Somebody always says: I don't like the colors

21 Apr 2023 - Frans Vanhaelewijck

balsamiq

Somebody always says: I don’t like the colors

This is probably not the remark you want to hear when presenting early sketches of your new product or app. You need feedback on the function, not the form of your new product idea. Who cares what the colors will be if it turns out you are designing the wrong thing?

A design created in a wireframing tool like Balsamiq typically only uses black and white. To give the audience the impression that you’ve hand-drawn the designs, many of the straight lines are not very straight. I’ve found this to be a game-changer when it comes to focusing on the essential aspects of our projects and keeping everyone on the same page.

If you have presented prototype screens in the past, I’m sure that at one point you got caught up in discussing colors, fonts, and other visual elements during your meetings. We really want to keep the attention on the overall structure, functionality, and user experience instead.

It’s incredible how black and white tools that look like they are hand-drawn force us to be clear and precise in our designs while still looking polished and professional.

What I love about Balsamiq is that it’s so easy to use – I genuinely believe that anyone on your team can pick it up and start designing with just a little practice. And because it’s so straightforward, it’s perfect for promoting collaboration and rapid iteration.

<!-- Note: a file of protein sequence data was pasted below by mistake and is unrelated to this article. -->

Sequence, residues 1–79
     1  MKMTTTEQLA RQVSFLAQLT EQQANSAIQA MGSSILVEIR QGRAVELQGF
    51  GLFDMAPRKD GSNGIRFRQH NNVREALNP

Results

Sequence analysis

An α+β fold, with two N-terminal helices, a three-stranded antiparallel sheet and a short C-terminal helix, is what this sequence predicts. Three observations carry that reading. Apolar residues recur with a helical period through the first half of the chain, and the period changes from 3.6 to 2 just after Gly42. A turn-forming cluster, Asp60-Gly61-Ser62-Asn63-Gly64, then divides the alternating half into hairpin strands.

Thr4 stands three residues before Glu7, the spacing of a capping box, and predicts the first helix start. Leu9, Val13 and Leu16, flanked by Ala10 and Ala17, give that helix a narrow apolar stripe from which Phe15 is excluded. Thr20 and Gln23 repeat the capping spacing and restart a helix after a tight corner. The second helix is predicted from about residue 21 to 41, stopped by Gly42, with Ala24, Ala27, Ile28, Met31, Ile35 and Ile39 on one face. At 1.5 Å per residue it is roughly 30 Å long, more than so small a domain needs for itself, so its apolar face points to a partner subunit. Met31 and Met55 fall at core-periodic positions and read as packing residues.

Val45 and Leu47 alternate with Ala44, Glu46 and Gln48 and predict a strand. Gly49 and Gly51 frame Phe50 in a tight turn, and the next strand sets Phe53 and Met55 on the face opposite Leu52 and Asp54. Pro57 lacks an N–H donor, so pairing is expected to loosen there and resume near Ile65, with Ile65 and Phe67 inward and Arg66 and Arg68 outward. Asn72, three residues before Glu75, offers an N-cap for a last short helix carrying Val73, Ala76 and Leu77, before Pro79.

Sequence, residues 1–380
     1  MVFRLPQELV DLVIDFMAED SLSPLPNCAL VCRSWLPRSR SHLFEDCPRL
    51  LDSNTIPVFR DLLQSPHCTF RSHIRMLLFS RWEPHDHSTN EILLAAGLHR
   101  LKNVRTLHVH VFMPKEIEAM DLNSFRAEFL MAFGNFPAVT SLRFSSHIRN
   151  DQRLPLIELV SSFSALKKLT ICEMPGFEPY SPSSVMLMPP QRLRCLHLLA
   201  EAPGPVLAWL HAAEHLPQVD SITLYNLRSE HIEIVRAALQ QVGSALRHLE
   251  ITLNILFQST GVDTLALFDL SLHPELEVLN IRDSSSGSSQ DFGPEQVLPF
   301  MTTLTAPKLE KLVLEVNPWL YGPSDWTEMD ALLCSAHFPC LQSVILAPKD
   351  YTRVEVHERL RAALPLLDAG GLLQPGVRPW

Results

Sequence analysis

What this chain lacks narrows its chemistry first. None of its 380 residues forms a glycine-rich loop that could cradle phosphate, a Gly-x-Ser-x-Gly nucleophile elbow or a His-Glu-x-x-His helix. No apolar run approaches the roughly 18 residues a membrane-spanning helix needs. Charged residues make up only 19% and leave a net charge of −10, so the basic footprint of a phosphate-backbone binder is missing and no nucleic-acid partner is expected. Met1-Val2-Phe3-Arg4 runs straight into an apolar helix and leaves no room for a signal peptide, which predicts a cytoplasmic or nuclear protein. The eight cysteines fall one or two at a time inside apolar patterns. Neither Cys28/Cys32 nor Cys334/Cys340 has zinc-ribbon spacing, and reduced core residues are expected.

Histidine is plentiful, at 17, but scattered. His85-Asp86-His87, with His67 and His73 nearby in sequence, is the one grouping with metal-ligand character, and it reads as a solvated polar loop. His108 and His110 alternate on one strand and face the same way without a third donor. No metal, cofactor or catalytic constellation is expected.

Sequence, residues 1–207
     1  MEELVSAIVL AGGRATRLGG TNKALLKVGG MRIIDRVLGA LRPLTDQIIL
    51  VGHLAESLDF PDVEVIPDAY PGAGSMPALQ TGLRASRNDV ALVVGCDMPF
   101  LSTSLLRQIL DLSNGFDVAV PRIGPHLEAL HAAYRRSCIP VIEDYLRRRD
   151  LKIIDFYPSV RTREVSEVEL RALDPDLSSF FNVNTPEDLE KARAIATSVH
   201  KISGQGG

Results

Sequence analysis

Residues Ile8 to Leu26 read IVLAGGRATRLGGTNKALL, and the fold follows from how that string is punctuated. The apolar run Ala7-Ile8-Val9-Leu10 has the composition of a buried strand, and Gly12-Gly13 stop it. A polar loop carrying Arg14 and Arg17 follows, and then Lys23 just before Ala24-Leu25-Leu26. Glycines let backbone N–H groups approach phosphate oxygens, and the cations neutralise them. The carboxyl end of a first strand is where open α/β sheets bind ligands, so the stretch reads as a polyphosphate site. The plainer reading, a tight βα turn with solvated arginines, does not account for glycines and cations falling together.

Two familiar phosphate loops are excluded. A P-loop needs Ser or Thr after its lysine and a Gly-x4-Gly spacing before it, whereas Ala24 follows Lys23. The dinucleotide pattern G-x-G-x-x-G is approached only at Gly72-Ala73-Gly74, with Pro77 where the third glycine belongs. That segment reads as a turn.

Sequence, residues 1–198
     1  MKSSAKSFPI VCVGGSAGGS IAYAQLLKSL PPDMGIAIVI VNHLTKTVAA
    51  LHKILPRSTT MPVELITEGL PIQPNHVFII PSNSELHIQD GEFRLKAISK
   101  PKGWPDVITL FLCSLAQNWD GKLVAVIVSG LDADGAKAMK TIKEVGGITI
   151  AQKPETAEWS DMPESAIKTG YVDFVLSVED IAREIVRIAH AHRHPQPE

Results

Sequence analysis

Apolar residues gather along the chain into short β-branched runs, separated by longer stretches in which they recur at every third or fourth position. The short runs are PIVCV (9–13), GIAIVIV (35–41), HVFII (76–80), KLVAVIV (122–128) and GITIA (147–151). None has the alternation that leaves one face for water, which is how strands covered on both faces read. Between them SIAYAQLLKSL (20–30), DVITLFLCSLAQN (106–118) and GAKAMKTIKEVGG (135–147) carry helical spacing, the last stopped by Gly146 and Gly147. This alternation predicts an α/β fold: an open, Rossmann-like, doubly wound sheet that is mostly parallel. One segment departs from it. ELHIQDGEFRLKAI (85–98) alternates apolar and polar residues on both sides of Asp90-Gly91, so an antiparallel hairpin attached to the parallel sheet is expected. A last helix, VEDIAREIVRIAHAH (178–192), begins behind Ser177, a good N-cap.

Best practices

  1. Keep it simple: Avoid using images, stick to one font, and don’t add colors. This helps maintain the focus on the app’s functionality rather than its appearance.
  2. Use real examples and data: Ditch the lorem ipsum and use real-life examples. It makes the wireframes feel more authentic and relatable.
  3. Be consistent: Make sure your design elements like headers, footers, and buttons are consistent throughout the wireframes. It helps everyone understand the flow and get a feel for how the app will look and function.

Give Balsamiq (not affiliated) a try if you haven’t already. I think you’ll find it super helpful for your future projects. Let me know if you have any questions or want to chat more about it!

PS.

Here’s the fundamental reason why you should use wireframing tools in the early stages of your product design, rather than tools like Figma or Photoshop:

C. Northcote Parkinson’s “Law of Triviality” comes into play when people are faced with big decisions. This law suggests that individuals often focus on minor details instead of addressing more critical issues. So, rather than discussing what the app needs to do, how it should do it, and what should be on each screen, people end up talking about visual aspects. Consequently, a bad screen that looks visually appealing with great UX and color choices might be chosen over a more functional and well-thought-out design. By using wireframing tools, you can keep the focus on the app’s core purpose and functionality, ultimately leading to a better product.



frans@vanhaelewijck.com